Defining Creativity: A View from the Arts
Brandt, Anthony K.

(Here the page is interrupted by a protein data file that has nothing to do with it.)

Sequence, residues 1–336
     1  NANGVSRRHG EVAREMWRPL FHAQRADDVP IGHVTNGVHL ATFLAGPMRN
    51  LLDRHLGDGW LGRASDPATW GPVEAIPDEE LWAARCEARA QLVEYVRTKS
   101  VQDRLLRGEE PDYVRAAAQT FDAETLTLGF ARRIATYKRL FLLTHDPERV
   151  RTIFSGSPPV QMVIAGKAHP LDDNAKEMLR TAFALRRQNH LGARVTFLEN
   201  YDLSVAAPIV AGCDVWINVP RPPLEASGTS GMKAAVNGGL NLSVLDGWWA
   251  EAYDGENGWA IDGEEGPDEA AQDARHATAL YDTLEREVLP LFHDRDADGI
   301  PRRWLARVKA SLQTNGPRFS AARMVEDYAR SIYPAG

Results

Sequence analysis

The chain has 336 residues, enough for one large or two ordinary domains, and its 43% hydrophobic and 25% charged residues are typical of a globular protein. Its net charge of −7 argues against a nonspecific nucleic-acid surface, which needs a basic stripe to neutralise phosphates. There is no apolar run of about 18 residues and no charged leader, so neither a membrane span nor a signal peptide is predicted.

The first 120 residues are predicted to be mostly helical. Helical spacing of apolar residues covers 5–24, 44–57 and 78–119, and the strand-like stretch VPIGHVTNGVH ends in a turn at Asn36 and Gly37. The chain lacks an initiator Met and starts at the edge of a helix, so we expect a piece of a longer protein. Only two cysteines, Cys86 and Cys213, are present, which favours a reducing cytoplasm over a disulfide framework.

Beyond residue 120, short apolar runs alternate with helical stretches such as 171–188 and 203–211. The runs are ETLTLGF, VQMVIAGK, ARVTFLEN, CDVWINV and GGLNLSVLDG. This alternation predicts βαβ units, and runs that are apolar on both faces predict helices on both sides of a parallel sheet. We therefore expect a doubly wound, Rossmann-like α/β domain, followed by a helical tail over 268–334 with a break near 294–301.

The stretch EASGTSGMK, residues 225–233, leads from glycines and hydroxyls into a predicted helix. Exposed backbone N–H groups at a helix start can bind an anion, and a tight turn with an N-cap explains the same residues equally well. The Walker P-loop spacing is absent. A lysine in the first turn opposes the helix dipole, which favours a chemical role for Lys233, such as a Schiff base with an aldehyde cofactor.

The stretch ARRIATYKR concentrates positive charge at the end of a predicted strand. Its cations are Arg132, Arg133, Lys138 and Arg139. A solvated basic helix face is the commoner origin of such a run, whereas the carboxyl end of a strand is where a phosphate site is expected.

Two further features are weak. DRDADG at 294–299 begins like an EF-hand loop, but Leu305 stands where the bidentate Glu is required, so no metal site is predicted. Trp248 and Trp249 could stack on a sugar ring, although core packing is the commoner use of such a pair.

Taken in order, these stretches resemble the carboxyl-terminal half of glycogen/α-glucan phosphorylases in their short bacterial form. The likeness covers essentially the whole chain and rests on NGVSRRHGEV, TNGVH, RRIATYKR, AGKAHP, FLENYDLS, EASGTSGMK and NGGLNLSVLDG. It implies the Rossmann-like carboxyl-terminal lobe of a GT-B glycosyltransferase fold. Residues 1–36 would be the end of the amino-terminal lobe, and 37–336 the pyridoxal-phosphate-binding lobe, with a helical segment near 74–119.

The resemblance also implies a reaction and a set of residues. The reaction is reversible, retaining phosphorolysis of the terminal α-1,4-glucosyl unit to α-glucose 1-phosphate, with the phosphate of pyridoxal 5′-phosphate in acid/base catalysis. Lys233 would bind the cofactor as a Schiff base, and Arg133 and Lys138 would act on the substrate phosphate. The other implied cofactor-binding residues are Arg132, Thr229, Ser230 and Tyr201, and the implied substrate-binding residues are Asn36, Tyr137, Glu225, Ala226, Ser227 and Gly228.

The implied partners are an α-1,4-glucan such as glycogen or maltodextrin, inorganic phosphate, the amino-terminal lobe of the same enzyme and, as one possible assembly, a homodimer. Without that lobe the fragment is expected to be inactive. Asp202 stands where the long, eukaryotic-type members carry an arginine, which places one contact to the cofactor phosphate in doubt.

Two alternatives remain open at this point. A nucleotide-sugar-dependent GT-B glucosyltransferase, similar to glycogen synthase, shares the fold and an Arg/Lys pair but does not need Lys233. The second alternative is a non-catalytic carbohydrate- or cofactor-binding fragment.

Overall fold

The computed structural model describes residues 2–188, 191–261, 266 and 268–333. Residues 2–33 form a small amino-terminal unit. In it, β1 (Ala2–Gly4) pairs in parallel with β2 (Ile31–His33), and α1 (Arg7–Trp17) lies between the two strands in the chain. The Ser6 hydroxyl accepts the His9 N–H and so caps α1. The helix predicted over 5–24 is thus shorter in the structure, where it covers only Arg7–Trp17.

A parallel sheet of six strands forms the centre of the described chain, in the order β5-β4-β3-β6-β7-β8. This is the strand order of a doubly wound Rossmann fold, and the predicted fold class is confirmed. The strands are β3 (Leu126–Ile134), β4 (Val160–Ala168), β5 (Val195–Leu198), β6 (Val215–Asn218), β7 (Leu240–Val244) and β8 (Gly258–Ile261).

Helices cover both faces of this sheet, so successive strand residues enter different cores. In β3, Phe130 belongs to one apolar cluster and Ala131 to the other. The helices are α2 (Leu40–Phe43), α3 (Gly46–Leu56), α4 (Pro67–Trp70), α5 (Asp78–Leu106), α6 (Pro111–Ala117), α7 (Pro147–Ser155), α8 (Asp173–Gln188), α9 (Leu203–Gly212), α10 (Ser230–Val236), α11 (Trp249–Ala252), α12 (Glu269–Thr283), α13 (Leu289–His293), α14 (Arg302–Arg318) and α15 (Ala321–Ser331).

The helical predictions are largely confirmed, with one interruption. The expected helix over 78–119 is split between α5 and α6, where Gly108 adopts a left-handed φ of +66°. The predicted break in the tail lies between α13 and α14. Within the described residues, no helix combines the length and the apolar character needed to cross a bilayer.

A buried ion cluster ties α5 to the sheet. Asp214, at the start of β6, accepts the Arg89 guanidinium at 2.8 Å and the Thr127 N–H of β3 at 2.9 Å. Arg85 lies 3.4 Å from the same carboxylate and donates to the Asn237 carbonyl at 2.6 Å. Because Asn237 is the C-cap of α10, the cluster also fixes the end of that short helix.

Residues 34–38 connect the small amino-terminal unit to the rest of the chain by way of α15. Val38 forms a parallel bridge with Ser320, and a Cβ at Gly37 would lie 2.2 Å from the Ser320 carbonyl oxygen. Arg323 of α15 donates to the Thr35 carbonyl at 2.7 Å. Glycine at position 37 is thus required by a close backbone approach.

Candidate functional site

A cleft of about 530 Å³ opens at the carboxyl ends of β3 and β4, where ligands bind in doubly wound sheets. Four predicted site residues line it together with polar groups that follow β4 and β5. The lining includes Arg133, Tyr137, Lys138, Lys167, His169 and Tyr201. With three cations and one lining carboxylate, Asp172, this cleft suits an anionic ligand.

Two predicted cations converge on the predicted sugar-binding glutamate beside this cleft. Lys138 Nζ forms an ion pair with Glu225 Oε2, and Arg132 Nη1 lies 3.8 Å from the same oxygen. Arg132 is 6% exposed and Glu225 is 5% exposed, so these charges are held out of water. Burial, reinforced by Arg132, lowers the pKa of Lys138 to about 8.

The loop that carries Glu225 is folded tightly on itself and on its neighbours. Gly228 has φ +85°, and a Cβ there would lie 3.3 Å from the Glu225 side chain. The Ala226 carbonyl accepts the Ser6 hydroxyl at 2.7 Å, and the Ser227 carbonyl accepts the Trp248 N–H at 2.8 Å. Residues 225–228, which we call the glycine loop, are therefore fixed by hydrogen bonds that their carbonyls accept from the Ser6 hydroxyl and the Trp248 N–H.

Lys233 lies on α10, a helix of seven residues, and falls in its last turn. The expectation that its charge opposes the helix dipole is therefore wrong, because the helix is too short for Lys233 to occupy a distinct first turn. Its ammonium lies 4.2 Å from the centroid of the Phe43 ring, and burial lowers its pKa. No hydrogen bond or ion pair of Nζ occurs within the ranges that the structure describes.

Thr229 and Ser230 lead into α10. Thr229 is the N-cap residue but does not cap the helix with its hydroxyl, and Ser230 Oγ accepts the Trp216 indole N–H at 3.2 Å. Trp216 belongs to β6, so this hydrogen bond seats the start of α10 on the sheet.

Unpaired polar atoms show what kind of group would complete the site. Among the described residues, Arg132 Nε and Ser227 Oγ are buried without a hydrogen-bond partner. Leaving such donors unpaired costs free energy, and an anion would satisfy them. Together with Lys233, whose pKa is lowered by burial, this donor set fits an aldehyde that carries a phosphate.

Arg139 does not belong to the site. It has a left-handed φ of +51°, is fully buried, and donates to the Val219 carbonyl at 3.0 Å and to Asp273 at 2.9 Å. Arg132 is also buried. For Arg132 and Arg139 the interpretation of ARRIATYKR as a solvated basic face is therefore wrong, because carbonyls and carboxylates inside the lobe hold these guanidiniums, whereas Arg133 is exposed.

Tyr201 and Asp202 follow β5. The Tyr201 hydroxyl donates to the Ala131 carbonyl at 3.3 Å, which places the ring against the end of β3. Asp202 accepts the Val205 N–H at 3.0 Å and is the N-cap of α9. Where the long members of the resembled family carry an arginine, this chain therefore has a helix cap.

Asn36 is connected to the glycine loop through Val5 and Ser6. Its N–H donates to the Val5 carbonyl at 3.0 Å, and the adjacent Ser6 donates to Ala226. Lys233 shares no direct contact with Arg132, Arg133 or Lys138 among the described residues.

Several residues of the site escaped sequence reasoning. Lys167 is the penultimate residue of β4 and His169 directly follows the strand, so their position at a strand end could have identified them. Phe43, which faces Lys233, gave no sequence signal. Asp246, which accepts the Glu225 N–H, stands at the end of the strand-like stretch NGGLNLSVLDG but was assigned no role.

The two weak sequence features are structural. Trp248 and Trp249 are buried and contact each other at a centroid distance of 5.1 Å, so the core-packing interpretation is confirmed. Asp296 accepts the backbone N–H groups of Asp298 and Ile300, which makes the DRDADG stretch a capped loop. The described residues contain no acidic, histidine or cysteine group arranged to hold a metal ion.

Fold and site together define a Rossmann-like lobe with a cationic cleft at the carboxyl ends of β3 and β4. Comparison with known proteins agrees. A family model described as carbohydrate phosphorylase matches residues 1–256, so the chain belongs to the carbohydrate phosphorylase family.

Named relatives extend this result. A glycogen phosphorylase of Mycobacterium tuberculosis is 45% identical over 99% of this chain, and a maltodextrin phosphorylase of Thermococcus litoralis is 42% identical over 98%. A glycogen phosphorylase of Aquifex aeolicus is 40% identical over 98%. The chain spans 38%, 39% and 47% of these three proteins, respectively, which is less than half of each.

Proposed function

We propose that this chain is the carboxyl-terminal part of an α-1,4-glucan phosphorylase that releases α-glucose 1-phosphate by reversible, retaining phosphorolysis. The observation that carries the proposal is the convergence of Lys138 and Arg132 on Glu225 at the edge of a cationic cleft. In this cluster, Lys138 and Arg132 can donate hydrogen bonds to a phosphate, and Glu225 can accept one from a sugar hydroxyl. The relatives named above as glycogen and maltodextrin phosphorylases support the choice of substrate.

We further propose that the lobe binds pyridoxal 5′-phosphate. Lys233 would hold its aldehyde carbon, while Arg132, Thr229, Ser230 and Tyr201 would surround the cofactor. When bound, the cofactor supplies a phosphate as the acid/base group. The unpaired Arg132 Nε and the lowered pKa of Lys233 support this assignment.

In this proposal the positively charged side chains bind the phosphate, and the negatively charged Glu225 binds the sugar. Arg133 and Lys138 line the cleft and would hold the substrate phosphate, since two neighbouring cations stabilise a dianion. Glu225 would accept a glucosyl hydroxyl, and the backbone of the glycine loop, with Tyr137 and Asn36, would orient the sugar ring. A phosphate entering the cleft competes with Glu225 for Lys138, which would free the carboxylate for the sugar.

Over several decades, novel-and-appropriate has become established as the standard definition of creativity; while allowing for variations in the exact wording, the requirement that creativity requires external validation of value, utility, etc. is largely unchallenged. This functions well in high consensus fields in which value can be empirically verified. However, in low consensus fields such as the arts, value judgments are subjective, controversies abound, and it can take a long time to reach agreement. As a result, novel-and-appropriate needs to be revisited as a generalized definition. In its place, a successful definition should take into account that bringing something novel to life often requires taking the initiative long before there is external judgment of value or utility and, in low consensus fields, those external judgments can be a poor barometer. Synthesizing arguments by Simonton and Weisberg, the solution is to conduct separate analyses for personal production and public reception, and to remove utility from the definition of creativity. Advantages, risks, and implications of the recommended framework are discussed.